A home which is built on a slab will have concrete subflooring on the ground floor. This is not subject to water damage, so the chances of needing to replace a concrete subfloor are minimal. Should it become damaged, chances are pretty good that the home itself has become severely damaged as well, needing much more than a simple subflooring repair.
What’s Involved in Subfloor Repair?
To understand why it can be so expensive to replace a subfloor, it’s helpful to understand what’s involved in the process. Starting from the carpenter arriving on site, they are going to have to determine the extent of the damage. That means removing floor covering and sometimes the baseboard, as well as making or enlarging the existing hole, seeking out the extent of the damage. It is necessary to remove all of the rotten wood, as far back as it goes.
This often means removing more than just the rotted wood, as it is necessary to go back to the floor joist, cutting the subfloor to the middle of the joist, so that there is something to support the new subflooring that is being installed.
In some cases, the floor joists can be rotted as well. Even a small rotted area indicates the need to add a “sister joist” to the side of the existing one, providing additional support. This added piece of wood should be the same overall size as the original floor joist and extend three feet beyond the ends of the rotted area on the original joist. In cases where both sides of the joist are accessible, plywood can be attached to both sides to sister the joist.
Sistering may also be required if the top of the floor joist sits under the wall. In that case, the board attached to the side of the existing joist, to be used as the sister joist, does not have to be any particular size. What’s more important is that it be well-attached to the existing joist, so that it will transfer the load to that joist. It is best to screw these pieces on with deck screws, rather than nail them, so as to help ensure that they cannot work their way loose.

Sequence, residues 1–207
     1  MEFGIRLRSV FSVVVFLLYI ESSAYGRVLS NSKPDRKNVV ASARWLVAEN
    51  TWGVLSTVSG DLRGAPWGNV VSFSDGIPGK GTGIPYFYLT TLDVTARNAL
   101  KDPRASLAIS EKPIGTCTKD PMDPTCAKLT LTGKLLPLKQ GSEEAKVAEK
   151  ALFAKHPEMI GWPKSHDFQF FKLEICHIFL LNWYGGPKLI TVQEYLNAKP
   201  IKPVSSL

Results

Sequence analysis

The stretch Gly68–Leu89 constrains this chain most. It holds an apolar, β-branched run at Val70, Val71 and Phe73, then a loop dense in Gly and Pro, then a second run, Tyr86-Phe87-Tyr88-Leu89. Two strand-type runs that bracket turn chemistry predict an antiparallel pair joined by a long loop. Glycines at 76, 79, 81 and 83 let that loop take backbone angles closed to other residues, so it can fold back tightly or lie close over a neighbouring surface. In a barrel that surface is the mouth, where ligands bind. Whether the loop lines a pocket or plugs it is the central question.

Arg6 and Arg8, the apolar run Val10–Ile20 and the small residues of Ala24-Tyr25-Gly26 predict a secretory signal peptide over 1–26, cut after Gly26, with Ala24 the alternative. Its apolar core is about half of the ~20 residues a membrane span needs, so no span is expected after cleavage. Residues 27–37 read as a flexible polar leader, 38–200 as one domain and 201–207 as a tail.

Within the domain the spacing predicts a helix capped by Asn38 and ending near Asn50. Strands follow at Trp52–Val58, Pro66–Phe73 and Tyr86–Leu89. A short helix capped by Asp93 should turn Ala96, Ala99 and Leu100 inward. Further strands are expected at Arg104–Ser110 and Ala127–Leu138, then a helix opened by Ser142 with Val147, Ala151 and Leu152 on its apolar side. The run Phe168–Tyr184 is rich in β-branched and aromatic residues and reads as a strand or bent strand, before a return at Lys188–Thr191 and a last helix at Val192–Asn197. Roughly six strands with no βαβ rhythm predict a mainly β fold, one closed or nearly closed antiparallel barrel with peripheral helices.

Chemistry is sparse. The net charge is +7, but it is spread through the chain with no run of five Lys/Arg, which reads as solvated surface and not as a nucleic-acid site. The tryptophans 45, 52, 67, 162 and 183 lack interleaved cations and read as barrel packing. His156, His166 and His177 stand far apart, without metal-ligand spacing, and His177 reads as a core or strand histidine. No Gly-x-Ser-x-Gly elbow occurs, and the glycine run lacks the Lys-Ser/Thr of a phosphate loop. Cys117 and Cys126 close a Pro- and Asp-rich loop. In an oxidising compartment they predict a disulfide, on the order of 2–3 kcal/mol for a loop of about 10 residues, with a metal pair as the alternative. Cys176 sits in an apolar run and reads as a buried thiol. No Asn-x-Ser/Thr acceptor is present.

It is usually necessary to add additional blocks, between the joists and perpendicular to them, so that the new piece of subflooring will be supported all the way around. These need to be attached to both the existing subflooring, leaving half the board’s thickness available to attach the new subflooring, and to the joists. Use screw to “toe nail” these boards in place.
Finally, it is important to level the new subfloor with the existing. That may require shimming beneath the new subfloor when installing it or shaving the thickness down slightly to match the surrounding wood. The actual thickness of the existing subfloor may not match the material available in the lumberyard today, especially in the case of an older home. So it’s a good idea to check, before making the final installation.
This new piece of subflooring should fit snug around the edges, without leaving any gaps larger than 1/8”. Any larger gaps need to be filled, so as to not cause any problems for the floor covering that will be applied.
With the repair complete, the floor is ready for new floor covering.